“She wasn’t no cop, man. She looked like one of Orlando’s hoes.”
That quote right there — that was the first ever “Wee-Bey reaction GIF.” You know the one even if you don’t know its source. A man with his hand on his chin, mouth staring, eyes agape, turns his head over his right shoulder as if shielding himself from impossible news.
The man is Wee-Bey (né Roland Brice), lead muscle for the Barksdale organization in Season 1 of The Wire. You’ve seen this GIF a million times. People use it to describe discoveries about pop culture…
…or about American history…
…or as meta-commentaries about the Wee-Bey GIF…
…or even having their mind blown about The Wire itself:
While the GIF is probably eight years old (more on that in a moment) the video from which it is taken is 15 years old, today.
Happy birthday Wee-Bey GIF video!
So, what was Wee-Bey reacting to?
While the GIF is perfect for people looking for the perfect reaction to punctuate a tweet, IG, or other social media post, it is also one of the greatest moments in Wire history. That’s because it is the moment where all of the threads of the show’s first season come together, and a cast of 20 to 30 characters are all thinking about the same event.
The scene in question comes in the 11th episode of season 1, called “The Hunt,” which aired August 18, 2002. By the end of episode 10, if there are any viewers not yet hooked by the Wire’s story, the shooting of Kima does it. There is no way to watch that sequence and not feel completely subsumed into this world and the desires, fears, and needs of these characters.
That episode is called “The Cost” — a typical double-meaning for The Wire. Kima’s shooting is both “the cost” of a police officer putting herself in harm’s way, and “the cost” of doing business for the Barksdale organization.
Episode 11, “The Hunt,” shows all of these various groups we’ve been following in Season 1 dealing with the shooting’s aftermath. Among these groups are a pair of duos: Lester and Prez on the police side, and Stringer and Wee-Bey on the Barksdale side.
Lester and Prez are trying to determine the identity of the shooters, one of whom is Wee-Bey. They’ve spent the whole season trying to crack the Barksdale organization’s page code. Prez finally puts the pieces together:
The code “0-7” is Wee-Bey.
The filmmakers confirm the police work of Prez and Lester by cutting straight from this scene to Wee-Bey entering Stringer’s print shop, as Wee-Bey reports back to String about the shooting the night before. The Barksdales fooled the police (or as they thought, fooled Orlando), but the police fooled the Barksdales — they never for a moment doubted Kima’s undercover performance.
It plays out like this:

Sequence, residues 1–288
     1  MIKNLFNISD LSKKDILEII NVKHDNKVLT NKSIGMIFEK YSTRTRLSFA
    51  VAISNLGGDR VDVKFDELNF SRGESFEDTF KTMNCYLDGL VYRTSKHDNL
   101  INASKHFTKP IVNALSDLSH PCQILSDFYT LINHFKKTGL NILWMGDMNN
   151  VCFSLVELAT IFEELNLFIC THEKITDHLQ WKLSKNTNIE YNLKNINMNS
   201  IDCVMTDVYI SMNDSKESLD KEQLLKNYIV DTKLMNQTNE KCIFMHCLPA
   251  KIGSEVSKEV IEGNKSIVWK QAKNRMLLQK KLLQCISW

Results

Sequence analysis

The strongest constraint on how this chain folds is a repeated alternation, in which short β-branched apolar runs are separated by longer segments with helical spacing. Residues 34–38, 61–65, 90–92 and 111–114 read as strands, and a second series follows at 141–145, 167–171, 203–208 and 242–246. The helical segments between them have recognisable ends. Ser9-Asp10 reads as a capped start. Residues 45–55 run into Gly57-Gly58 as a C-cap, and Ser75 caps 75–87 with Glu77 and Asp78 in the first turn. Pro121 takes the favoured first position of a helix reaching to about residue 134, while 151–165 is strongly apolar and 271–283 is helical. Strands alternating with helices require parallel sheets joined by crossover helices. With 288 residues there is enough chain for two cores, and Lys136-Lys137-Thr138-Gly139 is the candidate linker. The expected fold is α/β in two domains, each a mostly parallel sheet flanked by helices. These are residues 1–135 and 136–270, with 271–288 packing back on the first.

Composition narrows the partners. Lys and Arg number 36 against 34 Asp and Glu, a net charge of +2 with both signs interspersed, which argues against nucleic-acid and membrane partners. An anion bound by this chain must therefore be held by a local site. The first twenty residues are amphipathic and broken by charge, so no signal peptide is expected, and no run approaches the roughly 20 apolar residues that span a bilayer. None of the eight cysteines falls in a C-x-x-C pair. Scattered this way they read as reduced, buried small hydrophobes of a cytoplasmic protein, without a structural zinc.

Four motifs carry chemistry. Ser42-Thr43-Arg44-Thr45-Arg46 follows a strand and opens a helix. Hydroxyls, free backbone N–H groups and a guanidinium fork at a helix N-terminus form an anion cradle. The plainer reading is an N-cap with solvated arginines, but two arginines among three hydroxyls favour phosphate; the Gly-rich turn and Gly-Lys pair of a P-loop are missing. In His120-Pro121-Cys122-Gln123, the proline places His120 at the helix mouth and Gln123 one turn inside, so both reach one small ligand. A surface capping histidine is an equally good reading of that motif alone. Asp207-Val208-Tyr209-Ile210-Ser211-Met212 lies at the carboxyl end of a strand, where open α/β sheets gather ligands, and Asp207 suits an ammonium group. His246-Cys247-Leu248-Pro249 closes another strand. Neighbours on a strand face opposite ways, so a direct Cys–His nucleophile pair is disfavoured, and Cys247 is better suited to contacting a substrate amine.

Wee-Bey: “Like I said, shit went good, except there was this bitch curled up in the back seat. Surprised the shit out of us. Didn’t even see it until the shit popped off. I mean, if it was up to me, I’d let the girl walk. She ain’t look like the talking type. But Little Man seen that, bugged out, and let a couple go.”
Stringer: “Savino and them didn’t tip you off to that bitch?”
Wee-Bey: “Wasn’t no time for that. He get up out the car, we see him go up the block like we said, right? After that, he out of sight, and we bring it home like we planned, baby.”
Stringer: “Well shorty was a cop.”
Wee-Bey: *FACE SET TO WEE-BEY GIF MODE*
Stringer: “She ain’t dead.”
Shorty was a cop. That’s what’s running through Wee-Bey’s mind. That’s the news he can’t believe. That’s why he basically protests to Stringer and to himself that “she looked like one of Orlando’s hoes.”
He’s giving himself one final moment of innocence before accepting the moves he sees playing out on the chess board in front of him, the moves Stringer spells out to the shell-shocked Wee-Bey:
- take out Orlando
- hope Kima doesn’t wake up
- prepare to get out of town if she does
Bey knows what he has to do. He just can’t believe he has to do it.
The story of the GIF
The shot, by director Steve Shill and cinematographer Uta Briesewitz, is a dolly move left to right and a camera pan right to left. That creates the spinning effect, which intensifies the look on Bey’s face and makes this the perfect “mind blown” reaction GIF.
Once the GIF took flight, it caught on quickly.
According to Know Your Meme, the Wee-Bey Reaction GIF debuted on Nike Talk Forums in a thread about The Wire on August 17, 2009, nearly seven years to the day after the episode aired. It spread from there, mostly on Reddit, and in Sept. 2013 had enough profile for Complex to include it in an article called “Explaining the Origins of Your Favorite Movie and TV GIFs.”
It’s become so popular that actor Hassan Johnson recreated it at a Nets game in March of this year.
I haven’t seen Hassan tweet the GIF itself, which would be the ultimate in Wee-Bey mind-blowndedness.
But for now, I’ll settle for the number of new Wire fans who get sucked into the season, only to realize at that pivotal moment what they’ve been missing all along.
Jack M Silverstein is a sports historian, pop culture critic, author of “How The GOAT Was Built: 6 Life Lessons From the 1996 Chicago Bulls,” and a Wire chronicler. Check out his Wire archives, his piece on the death of Stringer Bell, and his Season 4 super-thread: